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The Communist Manifesto reflects an attempt to explain the goals of

Communism, as well as the theory underlying this movement. It argues that
class struggles, or the exploitation of one class by another, are the motivating
force behind all historical developments. Class relationships are defined by an
era's means of production. However, eventually these relationships cease to be
compatible with the developing forces of production. At this point, a revolution
occurs and a new class emerges as the ruling one. This process represents the
"march of history" as driven by larger economic forces.

Modern Industrial society in specific is characterized by class conflict between

the bourgeoisie and proletariat. However, the productive forces of capitalism
are quickly ceasing to be compatible with this exploitative relationship. Thus,
the proletariat will lead a revolution. However, this revolution will be of a
different character than all previous ones: previous revolutions simply
reallocated property in favor of the new ruling class. However, by the nature of
their class, the members of the proletariat have no way of appropriating
property. Therefore, when they obtain control they will have to destroy all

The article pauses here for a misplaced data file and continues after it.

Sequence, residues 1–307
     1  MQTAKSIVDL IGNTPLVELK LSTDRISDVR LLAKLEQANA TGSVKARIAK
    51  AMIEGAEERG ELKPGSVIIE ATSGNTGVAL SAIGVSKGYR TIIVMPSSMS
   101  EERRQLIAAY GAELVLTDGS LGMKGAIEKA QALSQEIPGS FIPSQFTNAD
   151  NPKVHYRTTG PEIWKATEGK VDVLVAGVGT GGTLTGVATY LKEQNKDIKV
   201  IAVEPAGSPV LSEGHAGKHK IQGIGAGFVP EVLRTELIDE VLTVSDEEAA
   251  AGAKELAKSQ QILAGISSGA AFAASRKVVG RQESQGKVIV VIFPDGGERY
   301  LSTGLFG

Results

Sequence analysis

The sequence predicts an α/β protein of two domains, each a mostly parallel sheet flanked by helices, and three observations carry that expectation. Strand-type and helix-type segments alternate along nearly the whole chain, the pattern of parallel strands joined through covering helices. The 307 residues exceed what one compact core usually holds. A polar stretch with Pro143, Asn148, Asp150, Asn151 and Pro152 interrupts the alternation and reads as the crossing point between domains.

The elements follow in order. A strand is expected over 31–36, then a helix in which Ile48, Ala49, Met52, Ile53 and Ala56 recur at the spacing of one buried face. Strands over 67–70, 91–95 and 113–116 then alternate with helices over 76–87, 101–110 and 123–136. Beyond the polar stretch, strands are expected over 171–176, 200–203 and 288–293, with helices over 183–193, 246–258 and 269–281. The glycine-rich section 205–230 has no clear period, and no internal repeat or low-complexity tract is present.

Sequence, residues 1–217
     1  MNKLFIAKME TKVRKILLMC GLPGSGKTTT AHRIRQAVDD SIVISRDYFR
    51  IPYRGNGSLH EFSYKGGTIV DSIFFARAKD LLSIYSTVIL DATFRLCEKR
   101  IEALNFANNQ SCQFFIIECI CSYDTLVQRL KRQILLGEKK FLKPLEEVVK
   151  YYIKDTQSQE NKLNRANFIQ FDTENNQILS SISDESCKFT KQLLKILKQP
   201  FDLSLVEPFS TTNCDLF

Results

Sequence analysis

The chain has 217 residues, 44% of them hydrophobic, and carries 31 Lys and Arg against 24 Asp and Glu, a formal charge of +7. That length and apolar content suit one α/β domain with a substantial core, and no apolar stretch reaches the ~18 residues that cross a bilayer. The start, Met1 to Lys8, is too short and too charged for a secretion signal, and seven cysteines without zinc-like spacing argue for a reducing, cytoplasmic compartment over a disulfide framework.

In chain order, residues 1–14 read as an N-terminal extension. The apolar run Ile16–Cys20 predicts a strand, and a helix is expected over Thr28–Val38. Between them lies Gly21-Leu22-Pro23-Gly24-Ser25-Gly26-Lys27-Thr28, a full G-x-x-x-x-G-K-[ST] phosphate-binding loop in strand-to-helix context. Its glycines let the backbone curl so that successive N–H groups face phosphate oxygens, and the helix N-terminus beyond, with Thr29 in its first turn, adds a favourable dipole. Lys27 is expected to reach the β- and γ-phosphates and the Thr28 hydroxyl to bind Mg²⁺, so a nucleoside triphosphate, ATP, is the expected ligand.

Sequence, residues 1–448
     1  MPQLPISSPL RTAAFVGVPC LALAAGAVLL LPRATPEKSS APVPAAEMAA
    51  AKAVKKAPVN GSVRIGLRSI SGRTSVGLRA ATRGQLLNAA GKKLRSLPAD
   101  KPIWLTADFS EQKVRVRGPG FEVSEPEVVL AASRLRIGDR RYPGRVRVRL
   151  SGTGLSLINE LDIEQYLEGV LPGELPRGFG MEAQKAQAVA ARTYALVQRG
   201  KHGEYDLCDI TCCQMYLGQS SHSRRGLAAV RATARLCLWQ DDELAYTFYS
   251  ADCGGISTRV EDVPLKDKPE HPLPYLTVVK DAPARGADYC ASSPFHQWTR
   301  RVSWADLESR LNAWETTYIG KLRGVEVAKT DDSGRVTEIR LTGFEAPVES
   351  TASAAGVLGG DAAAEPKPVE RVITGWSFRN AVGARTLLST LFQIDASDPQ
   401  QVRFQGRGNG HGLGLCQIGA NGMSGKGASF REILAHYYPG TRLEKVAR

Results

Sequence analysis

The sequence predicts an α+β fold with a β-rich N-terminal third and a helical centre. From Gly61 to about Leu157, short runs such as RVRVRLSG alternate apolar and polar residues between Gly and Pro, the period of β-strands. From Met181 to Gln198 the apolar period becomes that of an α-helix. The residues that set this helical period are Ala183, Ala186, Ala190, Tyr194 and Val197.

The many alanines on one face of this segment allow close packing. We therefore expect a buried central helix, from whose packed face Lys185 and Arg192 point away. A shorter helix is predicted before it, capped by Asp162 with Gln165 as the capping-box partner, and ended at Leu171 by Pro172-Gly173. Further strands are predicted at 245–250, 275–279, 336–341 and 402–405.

ownership of private property, and classes themselves will disappear.

The Manifesto argues that this development is inevitable, and that capitalism is
inherently unstable. The Communists intend to promote this revolution, and
will promote the parties and associations that are moving history towards its
natural conclusion. They argue that the elimination of social classes cannot
come about through reforms or changes in government. Rather, a revolution
will be required.

The Communist Manifesto has four sections. In the first section, it discusses the
Communists' theory of history and the relationship between proletarians and
bourgeoisie. The second section explains the relationship between the
Communists and the proletarians. The third section addresses the flaws in
other, previous socialist literature. The final section discusses the relationship
between the Communists and other parties.